“The best-laid schemes of mice and men often go awry.” So says that book that we all had to read in GCSE English. This sentiment applies to London’s latest melodic outfit Temples On Mars, whose new, self-titled album was originally conceived as one called Suicide By Tiger, slated to be released in 2017 by a band called Agent.
“We decided that as it was the first Temples On Mars album, we would treat this as a new band,” frontman James Donaldson explains of his group and album’s synchronous retitle. “Having a self-titled debut, it basically defines the band, and from there you can go on and tweak and define your sound.”
“With the new band, we wanted it all to be one product: this is us!” drummer Dean Gibb chimes in. “Everything’s just defined by ‘Temples On Mars’.”
The new name seems to already be opening up avenues that the more generic “Agent” was never able to.
At the top of that list of newfound opportunities comes their recent signing to Primordial Records after many months of searching for a place to call home.
“We had a few comments from some labels, and the new name just stands out,” James continues. “On Google, if you typed in ‘Agent’, you’d get so many things like real estate and modelling agents. We thought ‘This isn’t working for us’; we needed to stand out!”
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And, already, stand out is precisely what Temples On Mars are doing: their more unique title effortlessly reflects their equally unique tunes. Their debut disc is an extravaganza of exploration and catchiness, described by the band themselves as “accessible, progressive rock with an underlying, heavy tone.”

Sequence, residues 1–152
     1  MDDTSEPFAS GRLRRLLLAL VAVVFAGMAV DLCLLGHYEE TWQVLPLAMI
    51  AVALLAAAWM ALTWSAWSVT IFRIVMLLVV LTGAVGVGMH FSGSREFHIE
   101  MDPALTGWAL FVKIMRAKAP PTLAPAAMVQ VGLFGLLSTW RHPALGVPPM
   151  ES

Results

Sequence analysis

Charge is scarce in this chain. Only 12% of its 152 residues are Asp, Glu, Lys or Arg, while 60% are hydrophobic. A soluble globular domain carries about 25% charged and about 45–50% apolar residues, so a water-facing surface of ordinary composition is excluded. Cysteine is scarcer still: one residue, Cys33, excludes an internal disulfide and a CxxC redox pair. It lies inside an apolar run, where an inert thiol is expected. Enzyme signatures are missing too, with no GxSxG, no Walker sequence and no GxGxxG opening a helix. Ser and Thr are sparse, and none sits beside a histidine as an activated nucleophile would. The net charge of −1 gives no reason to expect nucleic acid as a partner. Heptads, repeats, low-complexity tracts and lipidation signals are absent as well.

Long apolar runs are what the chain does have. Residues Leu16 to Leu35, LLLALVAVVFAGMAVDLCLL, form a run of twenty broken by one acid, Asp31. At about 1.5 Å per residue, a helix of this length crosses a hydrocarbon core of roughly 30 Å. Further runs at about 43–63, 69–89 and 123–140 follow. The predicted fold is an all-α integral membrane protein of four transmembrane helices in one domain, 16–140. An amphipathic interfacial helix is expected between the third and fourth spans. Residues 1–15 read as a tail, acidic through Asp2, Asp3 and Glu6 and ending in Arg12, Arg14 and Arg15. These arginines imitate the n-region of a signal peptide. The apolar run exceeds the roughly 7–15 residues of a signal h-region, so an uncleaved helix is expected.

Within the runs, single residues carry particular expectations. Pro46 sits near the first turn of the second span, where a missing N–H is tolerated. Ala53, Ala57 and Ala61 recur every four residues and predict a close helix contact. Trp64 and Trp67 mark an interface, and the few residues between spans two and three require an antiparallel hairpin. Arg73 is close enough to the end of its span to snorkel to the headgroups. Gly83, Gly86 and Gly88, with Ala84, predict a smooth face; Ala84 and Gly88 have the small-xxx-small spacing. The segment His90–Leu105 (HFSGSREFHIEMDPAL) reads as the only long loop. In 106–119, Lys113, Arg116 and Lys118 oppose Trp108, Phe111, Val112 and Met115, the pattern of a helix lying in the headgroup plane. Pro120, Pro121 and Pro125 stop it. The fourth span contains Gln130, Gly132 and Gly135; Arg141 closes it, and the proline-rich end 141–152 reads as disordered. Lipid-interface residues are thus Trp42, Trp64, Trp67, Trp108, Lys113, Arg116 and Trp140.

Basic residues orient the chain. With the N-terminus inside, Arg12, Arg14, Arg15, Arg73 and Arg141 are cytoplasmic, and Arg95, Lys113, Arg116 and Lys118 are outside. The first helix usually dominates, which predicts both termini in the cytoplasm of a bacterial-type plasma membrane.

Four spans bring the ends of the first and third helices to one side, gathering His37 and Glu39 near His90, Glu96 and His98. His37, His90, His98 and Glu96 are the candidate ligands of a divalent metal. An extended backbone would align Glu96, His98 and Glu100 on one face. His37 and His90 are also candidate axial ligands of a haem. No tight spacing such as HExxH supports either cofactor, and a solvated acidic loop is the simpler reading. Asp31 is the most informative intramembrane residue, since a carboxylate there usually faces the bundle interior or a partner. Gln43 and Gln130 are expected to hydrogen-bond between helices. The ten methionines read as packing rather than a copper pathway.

“There’s some Queens Of The Stone Age, some Bring Me The Horizon, some Tool, some Tears For Fears,” James lists off, before Dean summarises by adding: “We didn’t wanna pigeonhole a fanbase. It can be accessed by fans of any genre.”
Temples On Mars’s self-professed accessibility rears its head as their anthemic songs stick to easy-to-digest, rock’n’roll structures. But that fact doesn’t dampen the number of exciting dynamics the group possess; their record is one full of attention-grabbingly avant-garde moments, from wacky time signatures to bass leads to saxophone solos. Dean calls making the album a “very thought-out process,” stating that: “We’d have a song that, potentially, could end up on the album, but then we’d be pending with it for a while, adding layers until you listen to what could have been the finished article the first time after three or four weeks of tweaking, and there’s suddenly a completely different element to it.”
“It’s not Nickelback,” laughs James. “We have put in some ambient instrumentation that suits the soundscape. And I think one of the songs is in 9⁄4 time. That’s the first time we’ve ever done that.”
Knowing when to stay safe and when to go balls-to-the-wall, Temples On Mars are all set to conquer a melodic prog scene that’s currently spelling success for names like Tesseract and Sleep Token. Keep an eye on them.
Temples On Mars is out April 6 via Primordial Records.